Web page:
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of his beloved Son. Having a new heart, and renewed in the spirit of their minds, his praises will become their delightful employ. It is reserved for the preaching of the Gospel to effect the amelioration of the condition of the human race; and were there no heaven promised to the righteous, nor any hell threatened to the wicked, the prevalence of Christianity, and the accomplishment of its predictions and promises, would still be one of the most desirable things in the world, merely as they respect the state of society. How exceedingly glorious will be its triumph! We have have seen enough to convince us, that Africa and India -that superstition and slavery, will crumble into the dust, before the allcheering influence of the Sun of Righteousness. The enmity of nations against each other will subside; hostile nations will be hushed into peace; and the earth shall yield its increase. Even now the enmity which has too long subsisted among Christians is fast subsiding; and the time is at no great distance, when it shall be said, Behold the tabernacle of God is with men." This will be realized in due time, for God himself is pledged to effectuate this mighty change, and as it does not depend upon man, we need not fear its accomplishment.
it as an object of paramount impor tance. But then truth must also be diffused, by the labours of Missiona ries-these two things must go hand in hand. He descanted with great energy and truth, upon the incalcu lable benefits which have resulted to the world from the invention of the art of printing. "Had there existed a single printing press in all Asia Minor" said he, "to diffuse knowledge abroad, the seven churches of Asia would have existed to this day! Look at the church of Rome, and mark her jealousy of the circulation of the Scriptures. She well knows what is to be apprehended from the British and Foreign Bible Society, and we can readily account, for the anxiety manifested to counteract so mighty an engine of knowledge.
Mr. Winterbotham closed, what appeared to us, a very able Sermon by a most powerful appeal to his audience on the vast importance of the objects which the Baptist Mission has in view, and the necessity of encreased exertions among all its friends for its support; but we are wholly prevented by want of room, from enlarging on this part of the subject.
On Thurday morning, Mr. Hinton of Oxford preached the Annual Sermon in behalf of the Stepney Academical Institution, at Salter's Hall Meeting, from Gal. i. 11. our report of which is necessarily defered 'till next month. In the evening of the same day, the friends of the Mission assembled at half-past Six, at Mr. Goode's large meeting, White's Row, Spitalfields, to hear the Report of the state of the Mission and Translations. The Report this year had been drawn up by Mr. Dyer of Reading, and in a manner highly creditable to his talents and judgment. It was read by him in a very excellent style, and was listened to with marked atten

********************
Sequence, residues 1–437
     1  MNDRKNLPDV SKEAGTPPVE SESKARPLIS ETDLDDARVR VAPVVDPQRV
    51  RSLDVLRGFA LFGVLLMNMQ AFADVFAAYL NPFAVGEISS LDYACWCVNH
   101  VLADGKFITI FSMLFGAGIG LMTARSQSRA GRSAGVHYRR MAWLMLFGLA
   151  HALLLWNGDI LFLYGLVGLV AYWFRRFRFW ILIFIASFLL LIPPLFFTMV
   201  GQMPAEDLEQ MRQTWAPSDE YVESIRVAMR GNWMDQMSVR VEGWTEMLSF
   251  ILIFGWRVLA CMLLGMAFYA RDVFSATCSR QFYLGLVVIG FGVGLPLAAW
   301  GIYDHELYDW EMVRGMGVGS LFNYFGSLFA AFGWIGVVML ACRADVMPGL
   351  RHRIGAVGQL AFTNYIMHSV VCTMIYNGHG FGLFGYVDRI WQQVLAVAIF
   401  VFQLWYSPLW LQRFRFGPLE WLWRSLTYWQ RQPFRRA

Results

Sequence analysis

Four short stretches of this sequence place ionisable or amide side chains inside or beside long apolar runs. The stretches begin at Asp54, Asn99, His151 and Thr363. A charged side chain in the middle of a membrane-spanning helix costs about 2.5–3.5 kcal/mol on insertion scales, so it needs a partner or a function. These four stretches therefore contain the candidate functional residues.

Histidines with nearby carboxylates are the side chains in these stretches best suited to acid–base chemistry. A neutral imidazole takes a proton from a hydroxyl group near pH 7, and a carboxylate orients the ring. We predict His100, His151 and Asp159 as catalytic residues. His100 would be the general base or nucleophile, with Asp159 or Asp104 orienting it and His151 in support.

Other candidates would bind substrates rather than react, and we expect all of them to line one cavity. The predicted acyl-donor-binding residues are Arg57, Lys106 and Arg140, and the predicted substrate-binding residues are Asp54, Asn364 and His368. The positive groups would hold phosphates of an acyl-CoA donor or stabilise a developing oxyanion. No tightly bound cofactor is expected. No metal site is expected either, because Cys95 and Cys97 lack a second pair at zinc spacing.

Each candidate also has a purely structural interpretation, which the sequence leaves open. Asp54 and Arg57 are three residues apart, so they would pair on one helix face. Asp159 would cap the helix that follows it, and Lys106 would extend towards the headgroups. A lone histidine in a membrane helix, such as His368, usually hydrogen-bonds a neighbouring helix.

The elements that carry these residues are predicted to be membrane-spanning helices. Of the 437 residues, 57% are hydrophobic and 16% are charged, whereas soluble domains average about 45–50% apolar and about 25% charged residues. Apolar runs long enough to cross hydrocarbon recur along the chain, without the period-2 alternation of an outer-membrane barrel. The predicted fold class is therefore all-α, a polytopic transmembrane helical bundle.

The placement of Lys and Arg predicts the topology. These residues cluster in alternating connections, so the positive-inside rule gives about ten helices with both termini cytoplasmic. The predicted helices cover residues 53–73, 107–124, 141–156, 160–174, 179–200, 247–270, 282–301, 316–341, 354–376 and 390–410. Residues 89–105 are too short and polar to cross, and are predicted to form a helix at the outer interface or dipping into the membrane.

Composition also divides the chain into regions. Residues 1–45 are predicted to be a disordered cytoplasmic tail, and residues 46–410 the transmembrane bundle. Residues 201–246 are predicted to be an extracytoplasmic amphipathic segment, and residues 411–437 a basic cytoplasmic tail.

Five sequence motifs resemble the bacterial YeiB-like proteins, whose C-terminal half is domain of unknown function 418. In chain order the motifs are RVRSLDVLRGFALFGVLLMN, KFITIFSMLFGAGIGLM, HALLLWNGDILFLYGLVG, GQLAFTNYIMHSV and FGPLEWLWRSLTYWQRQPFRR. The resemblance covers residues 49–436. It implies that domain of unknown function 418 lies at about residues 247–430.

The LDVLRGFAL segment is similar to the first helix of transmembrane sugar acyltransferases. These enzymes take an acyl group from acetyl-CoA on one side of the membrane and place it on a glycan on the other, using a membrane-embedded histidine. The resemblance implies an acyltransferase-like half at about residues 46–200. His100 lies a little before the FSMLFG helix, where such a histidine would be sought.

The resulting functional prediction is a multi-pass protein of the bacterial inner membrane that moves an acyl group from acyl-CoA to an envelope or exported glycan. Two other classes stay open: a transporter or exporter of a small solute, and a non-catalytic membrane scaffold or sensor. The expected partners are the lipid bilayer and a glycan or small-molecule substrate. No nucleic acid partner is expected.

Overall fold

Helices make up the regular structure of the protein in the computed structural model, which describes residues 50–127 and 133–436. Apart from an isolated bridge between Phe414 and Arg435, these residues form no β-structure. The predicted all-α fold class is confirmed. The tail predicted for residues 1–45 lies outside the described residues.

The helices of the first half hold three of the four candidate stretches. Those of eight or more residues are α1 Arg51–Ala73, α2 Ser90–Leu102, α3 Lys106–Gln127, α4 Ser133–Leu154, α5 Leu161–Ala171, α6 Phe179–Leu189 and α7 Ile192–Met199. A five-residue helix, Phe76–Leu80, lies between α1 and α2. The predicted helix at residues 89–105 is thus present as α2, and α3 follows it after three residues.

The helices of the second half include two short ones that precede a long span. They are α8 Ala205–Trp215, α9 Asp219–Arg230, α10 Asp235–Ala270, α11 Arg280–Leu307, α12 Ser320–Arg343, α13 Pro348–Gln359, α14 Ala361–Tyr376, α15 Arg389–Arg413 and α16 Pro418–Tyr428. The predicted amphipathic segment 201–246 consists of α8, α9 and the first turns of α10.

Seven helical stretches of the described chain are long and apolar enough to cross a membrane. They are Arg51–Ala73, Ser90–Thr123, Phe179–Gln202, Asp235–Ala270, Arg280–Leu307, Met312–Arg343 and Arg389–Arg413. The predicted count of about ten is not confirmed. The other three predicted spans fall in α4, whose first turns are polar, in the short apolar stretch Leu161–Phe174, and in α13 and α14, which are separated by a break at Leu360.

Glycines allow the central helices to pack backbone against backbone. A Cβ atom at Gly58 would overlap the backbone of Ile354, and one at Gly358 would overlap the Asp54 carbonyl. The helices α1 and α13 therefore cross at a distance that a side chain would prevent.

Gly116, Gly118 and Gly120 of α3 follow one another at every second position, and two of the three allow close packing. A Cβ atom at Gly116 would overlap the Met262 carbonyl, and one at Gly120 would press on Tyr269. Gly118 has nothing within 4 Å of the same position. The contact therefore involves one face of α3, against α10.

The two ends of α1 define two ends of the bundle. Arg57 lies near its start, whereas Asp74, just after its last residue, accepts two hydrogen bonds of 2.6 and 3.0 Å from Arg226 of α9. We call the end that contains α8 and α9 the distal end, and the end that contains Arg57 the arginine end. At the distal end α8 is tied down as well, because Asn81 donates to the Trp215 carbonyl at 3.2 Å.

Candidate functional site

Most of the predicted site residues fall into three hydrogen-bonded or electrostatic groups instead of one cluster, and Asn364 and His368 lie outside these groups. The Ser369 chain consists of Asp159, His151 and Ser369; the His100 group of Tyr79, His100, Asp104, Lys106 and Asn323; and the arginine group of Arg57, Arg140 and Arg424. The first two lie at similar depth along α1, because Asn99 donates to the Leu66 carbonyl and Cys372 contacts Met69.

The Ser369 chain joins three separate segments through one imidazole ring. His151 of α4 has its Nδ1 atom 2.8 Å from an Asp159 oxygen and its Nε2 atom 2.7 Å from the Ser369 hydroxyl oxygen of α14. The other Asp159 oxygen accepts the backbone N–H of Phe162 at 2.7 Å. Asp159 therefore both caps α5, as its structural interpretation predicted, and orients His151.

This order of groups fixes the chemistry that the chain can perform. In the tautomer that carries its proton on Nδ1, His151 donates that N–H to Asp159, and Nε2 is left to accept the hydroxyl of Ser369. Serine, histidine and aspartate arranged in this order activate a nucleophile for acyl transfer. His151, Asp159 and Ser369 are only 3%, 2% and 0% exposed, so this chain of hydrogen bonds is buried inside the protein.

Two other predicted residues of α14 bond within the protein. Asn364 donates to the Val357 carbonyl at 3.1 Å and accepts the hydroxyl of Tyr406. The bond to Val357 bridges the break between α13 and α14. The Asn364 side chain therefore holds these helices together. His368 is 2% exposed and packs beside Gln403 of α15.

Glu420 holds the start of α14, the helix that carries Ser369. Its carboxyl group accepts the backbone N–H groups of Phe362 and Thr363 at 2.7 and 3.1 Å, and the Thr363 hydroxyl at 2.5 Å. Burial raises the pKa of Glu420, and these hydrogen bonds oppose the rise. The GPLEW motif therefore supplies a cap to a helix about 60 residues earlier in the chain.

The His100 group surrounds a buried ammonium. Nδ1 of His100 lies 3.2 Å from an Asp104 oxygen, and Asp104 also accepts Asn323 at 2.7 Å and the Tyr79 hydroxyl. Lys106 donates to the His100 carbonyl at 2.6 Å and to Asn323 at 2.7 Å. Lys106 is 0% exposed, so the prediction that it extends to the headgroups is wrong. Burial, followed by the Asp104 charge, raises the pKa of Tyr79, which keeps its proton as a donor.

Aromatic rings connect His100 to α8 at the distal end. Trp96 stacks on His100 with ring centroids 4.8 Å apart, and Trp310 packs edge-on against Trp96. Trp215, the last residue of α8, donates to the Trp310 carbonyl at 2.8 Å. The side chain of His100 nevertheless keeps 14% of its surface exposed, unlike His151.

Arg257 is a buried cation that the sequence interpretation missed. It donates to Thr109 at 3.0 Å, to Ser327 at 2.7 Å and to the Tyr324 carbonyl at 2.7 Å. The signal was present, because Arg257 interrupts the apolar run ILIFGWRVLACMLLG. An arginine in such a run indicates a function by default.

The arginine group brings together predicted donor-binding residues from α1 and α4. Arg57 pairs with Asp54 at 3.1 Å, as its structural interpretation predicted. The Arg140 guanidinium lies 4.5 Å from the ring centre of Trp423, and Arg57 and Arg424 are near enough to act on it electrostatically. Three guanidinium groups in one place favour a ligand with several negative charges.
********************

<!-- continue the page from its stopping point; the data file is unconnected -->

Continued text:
The last particular regarded the means by which this change is to be brought about. When we contemplate its magnitude, we must instantly perceive that more than human power must be exerted to effect it. Yet it is the will of God, that human agency should co-operate with divine power. It is agreeable to his plan to make use of means. He raises up instruments, and he blesses them in their work. Ungodly men are unfit to preach Christ's gospel. The residue of the Spirit is with him-and the servants whom he qualifies he tion. It occupied nearly one hour in will also honour in effecting this great the reading, and appeared to afford change. It may be asked, what universal satisfaction. Towards the means are the people of God to close of it he announced a fact of employ, in order to promote this which the information has been regreat work in the world? The an-cently received from India, viz. that swer is, the diffusion of divine truth the Bible is now completely printed in in the world. "The gospel of Christ, the Chinese language, by means of is the power of God unto the salvation which, the way of salvation is made of every one that believeth it." Here accessible to THREE HUNDRED MILthe preacher shewed the vast impor- LIONS OF OUR FELLOW CREATURES. tance of translating the Scriptures into every language, and dwelt upon
NEW EVANGELICAL MAGAZINE,
THE DYING EXPERIENCE OF THE LEARNED AND PIOUS DR. JOHN OWEN.
"My principal work having been now for a long season to die daily, as living in a continual expectation of my dissolution, I shall acquaint the reader with some few of my thoughts and reliefs, with reference unto death itself.
"There are several things required of us, that we may be able to encounterdeath cheerfully, constantly, and victoriously. For want of these, or some of them, I have known gracious souls who have lived in a kind of bondage for fear of death, all their days. We know not how God will manage any of our minds and souls in that season, in that trial; for he acts towards us in all such things in a way of sovereignty. But these are the things which he requires of us in a way of duty.